Sunday, August 14, 2016
Silence, art and global Christologies
Here is the visual I constructed to illustrate the conclusion to my International Association Mission Studies paper: “regard as valuable”: Missiological approaches to the “Silence” of religious change.
For those who value words:
To represent the fullness of Christ, both Christologically and missiologically, we need the “face of Christ” giving inspiration to artists at every stage of the Philippians arc (the U shape). We do not ask art images of Christ the Victor (right hand art image) or Jesus the baptised (left hand art image) to express a complete Christology, to capture every stage of the Philippians arc. We let them stand individually as Christological snapshots. In Silence: A Novel, we are offered an artistic gift, that of obedience to the point of death. This is a truthful missiology which voices Christ’s silence. Such is the Christological gift of Silence: A Novel to missiology. It provides an essential snapshot, ensuring our accounts of conversion and transformation include not only narratives of triumph, but also narratives of solidarity with Christ’s silence.
My paper was assigned to the hour of death. For some reason the conference organisers had scheduled 5 papers back to back in a row; between 4 pm and 6:30 pm. This was at the end of a day that included a plenary session plus 5 other papers spread over 2 other sessions. My paper was the last one, at 6 pm. So I needed to up the communication. Thankfully, when you talk about film, you can show movie trailers. That, combined with the above visuals, some Steve Taylor energy and a handout (“regard as valuable”: Missiological approaches to the “Silence” of religious change handout) ensured that no-one fell asleep.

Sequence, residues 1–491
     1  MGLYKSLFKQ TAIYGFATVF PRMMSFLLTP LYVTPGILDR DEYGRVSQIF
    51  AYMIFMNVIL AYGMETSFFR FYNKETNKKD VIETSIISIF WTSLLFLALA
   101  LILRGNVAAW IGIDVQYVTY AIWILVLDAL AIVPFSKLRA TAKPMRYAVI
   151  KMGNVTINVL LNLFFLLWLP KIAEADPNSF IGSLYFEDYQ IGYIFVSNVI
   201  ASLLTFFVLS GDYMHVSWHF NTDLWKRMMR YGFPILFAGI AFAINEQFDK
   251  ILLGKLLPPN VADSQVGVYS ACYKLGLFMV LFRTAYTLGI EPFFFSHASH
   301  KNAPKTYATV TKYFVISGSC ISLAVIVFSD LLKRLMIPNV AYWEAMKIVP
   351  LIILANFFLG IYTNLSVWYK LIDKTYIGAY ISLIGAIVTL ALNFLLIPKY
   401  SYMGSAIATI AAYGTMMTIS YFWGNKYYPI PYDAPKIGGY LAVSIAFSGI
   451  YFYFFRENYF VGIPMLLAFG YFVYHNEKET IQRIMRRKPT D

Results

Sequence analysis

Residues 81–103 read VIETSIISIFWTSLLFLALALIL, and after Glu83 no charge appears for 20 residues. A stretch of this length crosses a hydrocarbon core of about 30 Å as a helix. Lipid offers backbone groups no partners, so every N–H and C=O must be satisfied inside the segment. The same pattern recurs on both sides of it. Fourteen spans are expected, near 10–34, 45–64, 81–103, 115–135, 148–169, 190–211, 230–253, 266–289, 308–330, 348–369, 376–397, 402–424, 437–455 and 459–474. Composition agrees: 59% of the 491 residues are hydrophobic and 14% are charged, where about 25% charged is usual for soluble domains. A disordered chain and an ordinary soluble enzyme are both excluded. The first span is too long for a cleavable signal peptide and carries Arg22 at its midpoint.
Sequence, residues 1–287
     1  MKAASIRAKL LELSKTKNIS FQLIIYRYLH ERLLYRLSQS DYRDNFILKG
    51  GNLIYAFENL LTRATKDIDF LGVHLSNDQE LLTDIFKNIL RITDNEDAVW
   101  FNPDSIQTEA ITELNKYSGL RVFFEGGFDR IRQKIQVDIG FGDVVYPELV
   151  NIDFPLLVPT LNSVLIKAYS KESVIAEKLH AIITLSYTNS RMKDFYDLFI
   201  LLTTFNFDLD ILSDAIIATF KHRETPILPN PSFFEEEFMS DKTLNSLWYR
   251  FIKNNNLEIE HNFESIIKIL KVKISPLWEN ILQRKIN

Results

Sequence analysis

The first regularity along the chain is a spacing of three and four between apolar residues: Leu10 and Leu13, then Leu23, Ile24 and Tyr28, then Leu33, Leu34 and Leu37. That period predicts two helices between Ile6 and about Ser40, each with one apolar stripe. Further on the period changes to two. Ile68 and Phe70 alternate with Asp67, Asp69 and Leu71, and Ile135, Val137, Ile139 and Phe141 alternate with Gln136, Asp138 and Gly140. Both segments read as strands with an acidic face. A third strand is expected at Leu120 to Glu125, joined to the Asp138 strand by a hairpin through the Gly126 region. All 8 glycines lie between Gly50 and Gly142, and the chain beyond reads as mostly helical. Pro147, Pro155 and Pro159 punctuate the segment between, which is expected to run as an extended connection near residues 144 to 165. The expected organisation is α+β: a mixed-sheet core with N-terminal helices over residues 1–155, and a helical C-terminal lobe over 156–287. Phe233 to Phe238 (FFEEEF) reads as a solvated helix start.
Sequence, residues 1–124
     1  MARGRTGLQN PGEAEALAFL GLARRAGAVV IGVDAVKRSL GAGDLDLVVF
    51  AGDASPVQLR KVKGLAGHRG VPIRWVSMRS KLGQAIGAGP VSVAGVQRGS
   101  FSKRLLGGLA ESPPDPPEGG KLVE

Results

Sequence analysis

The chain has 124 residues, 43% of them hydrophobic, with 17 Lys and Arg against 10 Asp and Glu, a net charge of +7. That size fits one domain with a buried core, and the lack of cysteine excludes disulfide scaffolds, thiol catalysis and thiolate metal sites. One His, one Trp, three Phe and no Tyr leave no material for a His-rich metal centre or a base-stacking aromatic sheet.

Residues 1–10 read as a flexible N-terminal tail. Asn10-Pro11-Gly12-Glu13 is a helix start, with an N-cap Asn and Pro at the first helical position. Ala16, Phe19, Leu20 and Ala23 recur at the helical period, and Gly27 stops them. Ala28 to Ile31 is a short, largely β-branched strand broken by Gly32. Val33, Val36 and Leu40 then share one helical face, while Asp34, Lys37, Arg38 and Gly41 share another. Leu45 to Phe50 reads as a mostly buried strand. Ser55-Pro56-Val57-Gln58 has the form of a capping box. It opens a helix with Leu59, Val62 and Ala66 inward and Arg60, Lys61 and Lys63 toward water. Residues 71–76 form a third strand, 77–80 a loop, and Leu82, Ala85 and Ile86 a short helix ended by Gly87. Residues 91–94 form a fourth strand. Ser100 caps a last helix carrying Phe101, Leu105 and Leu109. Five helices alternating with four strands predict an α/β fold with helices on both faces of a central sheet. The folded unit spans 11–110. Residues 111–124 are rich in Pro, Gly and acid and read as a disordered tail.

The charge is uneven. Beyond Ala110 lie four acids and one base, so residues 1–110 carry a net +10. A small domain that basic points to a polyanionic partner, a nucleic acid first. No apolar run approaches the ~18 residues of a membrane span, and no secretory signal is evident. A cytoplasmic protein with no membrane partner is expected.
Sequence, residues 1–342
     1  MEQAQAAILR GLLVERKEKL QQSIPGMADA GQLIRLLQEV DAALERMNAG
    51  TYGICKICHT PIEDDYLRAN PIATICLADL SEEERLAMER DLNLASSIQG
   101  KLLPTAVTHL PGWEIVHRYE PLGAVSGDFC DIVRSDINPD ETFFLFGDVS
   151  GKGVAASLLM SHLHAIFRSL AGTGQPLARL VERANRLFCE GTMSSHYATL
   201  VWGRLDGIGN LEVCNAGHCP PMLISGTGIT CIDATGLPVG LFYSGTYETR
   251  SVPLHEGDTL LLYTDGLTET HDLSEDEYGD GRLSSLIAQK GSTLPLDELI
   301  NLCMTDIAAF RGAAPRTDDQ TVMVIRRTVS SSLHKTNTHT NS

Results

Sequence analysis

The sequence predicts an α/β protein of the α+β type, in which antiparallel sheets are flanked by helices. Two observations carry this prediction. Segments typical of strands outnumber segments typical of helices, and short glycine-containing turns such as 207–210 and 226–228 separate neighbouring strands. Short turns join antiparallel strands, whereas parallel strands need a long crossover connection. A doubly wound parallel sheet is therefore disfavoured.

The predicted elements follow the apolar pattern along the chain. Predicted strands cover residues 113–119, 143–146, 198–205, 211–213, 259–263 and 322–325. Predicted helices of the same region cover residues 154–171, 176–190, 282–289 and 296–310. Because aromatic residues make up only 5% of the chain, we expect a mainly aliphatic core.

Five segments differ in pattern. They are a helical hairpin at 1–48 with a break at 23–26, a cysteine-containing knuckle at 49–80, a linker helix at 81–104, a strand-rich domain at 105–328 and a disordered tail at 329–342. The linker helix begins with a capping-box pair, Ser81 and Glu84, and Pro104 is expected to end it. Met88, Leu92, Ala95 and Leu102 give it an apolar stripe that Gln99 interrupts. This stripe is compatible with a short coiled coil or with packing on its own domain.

Two good questions were asked:
Q. What about the words of Christ, My God, my God, why have you forsaken me?
A. What is happening in Silence: A Novel is of a different, deeper, order. At least Jesus speaks (My God, my God, why have you forsaken me). In Silence, there is only “silence.” Faith is abandoned. The result is a Christology of solidarity, a depth of shared experience with those who have denied Jesus.
Q. What about the film, As it is in heaven? Is that not also both a Christ figure film and a Jesus film?
A. Not according to the definitions that I am working with from Lloyd Baugh, Imaging the Divine: Jesus and Christ-Figures in Film (Communication, Culture, and Religion). As it is in heaven is certainly a Christ figure film. But it is not a Jesus film in that it does not reference the historical person of Jesus.
It was good to integrate what is something of a sideline hobby – monthly film reviewing – with my research interests in missiology and indigenous Christologies. It was good to present with video and art.
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